The Rhodes Must Fall campaign at the University of Oxford may have suffered a setback, but it has let the genie out of the bottle regarding the value of public memorials to historical figures argues Monica Threlfall.
Many people walking in city squares and looking at commemorative inscriptions – usually of a military man on horseback – might wonder why we need to remember distant generals who won battles, killing thousands of conscripted soldiers for some unidentified improvement. They invade our mental space through the centrality of their locations, trying to remind us of their victories over subaltern or weaker enemies, demanding to be given obeisance by every new generation.
The recent Rhodes Must Fall campaign suffered a setback with the University of Oxford and Oriel College’s announcement that the statue atop Oriel College’s façade will remain. The battle over Rhodes raised wider questions that have universal implications. What to do about the endless figurative glorification of men, sometimes women, for their role in long forgotten events, usually battles, when they are made of stone and iron set to last for many centuries? Currently, statues have no sell-by date. Perhaps they should? What to do with the many statues all over the world that can, with time, provoke disgust? Is it time for cultural institutions – public and private – to launch an initiative that would research and publish a new catalogue of people who deserve to be honoured now, according to contemporary values?
We ought long ago to have accepted that the reputations of one time great men might change, as formerly subordinate classes, genders, races and countries gain a voice and tell their (his)stories in a different way because they view them from their own standpoint. We have a choice about what to do with memorials that have aged badly. Instead of pulling them down, it might be more striking to match them with new counterpart statues to serve as a critical reference. Imagine how individuals elevated in stone, forever demanding attention, would look if surrounded by those who opposed them yet were crushed in the story they are trying to remind us of.
In the case of Rhodes, a seat of learning and reflection like a university has been unable to understand that just because Rhodes endowed their institution with endless funds, his other actions do not deserve the respect a statue implies. That accumulating a fortune – even if given to the public – does not whitewash a whole reputation. So why not seek to innovate instead? One can always move a statue to a less prominent place. Even if not moved, this statue of a contested man could be made to share the Oriel courtyard with homages to his victims, by adding new sculptures close by. In this case, the people who fought against the depravations of apartheid to create a multiracial democracy in South Africa surely deserve to be honoured publicly in new ways, over and over, given the cruelly long duration of the white supremacists’ power and violence.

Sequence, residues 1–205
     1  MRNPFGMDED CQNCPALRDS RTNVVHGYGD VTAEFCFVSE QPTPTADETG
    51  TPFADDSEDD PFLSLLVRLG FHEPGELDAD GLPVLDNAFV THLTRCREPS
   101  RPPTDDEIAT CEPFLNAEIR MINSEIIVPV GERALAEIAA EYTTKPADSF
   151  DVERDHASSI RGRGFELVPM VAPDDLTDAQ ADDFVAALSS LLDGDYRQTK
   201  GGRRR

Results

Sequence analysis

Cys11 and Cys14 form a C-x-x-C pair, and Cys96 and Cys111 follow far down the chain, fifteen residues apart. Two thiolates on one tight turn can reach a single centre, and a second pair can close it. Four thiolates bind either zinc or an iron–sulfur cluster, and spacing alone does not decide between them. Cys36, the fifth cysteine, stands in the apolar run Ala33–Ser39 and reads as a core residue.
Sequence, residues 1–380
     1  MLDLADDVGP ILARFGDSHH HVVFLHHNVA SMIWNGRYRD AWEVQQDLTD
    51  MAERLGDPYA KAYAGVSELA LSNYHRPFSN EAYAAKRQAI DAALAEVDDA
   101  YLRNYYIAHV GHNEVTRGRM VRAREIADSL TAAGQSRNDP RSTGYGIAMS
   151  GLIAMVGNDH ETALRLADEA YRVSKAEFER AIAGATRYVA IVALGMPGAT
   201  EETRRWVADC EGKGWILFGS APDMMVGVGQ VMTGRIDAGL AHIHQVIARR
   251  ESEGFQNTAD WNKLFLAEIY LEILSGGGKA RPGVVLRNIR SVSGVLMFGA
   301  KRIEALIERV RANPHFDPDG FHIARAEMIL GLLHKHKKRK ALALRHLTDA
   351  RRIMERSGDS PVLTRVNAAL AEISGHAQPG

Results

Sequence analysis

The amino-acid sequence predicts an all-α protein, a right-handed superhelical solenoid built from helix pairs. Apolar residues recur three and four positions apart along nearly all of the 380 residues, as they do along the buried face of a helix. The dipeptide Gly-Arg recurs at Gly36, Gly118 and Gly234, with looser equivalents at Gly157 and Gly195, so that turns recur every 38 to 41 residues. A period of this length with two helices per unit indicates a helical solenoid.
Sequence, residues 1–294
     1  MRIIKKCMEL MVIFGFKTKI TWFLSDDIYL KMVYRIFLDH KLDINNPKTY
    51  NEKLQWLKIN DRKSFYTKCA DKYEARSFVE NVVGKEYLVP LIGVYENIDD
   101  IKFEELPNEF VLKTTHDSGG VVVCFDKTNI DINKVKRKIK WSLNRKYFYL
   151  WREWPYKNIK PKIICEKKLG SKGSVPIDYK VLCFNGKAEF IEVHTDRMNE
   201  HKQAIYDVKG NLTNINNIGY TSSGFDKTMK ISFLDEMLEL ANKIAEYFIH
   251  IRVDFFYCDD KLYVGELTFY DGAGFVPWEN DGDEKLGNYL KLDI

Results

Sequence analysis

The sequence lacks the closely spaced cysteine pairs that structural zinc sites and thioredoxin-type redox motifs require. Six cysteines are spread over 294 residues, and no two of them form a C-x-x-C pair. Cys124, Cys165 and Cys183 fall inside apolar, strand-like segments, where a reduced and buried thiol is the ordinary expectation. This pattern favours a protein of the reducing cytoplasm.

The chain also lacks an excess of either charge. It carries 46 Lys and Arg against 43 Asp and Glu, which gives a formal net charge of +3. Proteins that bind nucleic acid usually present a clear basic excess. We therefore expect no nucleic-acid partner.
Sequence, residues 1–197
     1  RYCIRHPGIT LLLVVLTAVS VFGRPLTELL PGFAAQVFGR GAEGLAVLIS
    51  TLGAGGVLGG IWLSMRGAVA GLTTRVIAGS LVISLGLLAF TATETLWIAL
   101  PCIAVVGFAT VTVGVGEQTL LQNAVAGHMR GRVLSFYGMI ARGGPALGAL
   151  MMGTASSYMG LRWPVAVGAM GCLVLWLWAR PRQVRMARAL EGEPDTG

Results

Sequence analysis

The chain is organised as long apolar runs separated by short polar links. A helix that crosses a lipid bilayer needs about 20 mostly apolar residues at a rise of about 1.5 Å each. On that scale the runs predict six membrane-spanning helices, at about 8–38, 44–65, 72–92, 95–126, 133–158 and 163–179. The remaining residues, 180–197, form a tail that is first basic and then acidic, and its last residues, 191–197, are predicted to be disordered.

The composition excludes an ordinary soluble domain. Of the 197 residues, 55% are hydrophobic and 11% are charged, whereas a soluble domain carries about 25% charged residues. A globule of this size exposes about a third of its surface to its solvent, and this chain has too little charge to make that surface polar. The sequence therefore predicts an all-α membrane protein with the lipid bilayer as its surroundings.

A university surely betrays its mission when it is blind to its obvious duty to disseminate evolved thinking about race and British colonialism, to embrace more balanced views about Africa’s history, and to listen to its students precisely because younger generations have different hate figures and heroes. Indeed, all universities and local authorities could seize opportunities such as this one to recognise the challenges of the new historiography of Southern Africa (and other contestable histories) by revising their statuary and city spaces. Doing so, they can show they understand that armed victories bring victims, and that oppressed actors who rebel also command a distinguished place in history and deserve to be commemorated.
The RSA may have a role to play here; building on its heritage work and its history. For example, we could also revisit the blue plaque system (which the RSA – then the Society of Arts – administered between 1867 and 1901). The scheme still only operates in London; as if it were impossible to imagine that a distinguished person might have been born, bred, achieved recognition, and ended their days without ever living in the capital!
Too often, when gazing at the blue plaques on London houses, one wonders what was the outstanding achievement of this former resident and why should we be reminded? But at least there are plenty of house fronts left to host more plaques, so we could be adding hundreds more to remember other outstanding contributors to the wellbeing of people in this country. Such an approach would allow us to commemorate many more women and men from all walks of life who have made a variety of distinguished contributions to public life through their achievements and struggles.
Dr Monica Threlfall is Reader in European Politics at London Metropolitan University. Her research has focused on the European Union and on contested relations between less-privileged groups of citizens, especially women, and their state.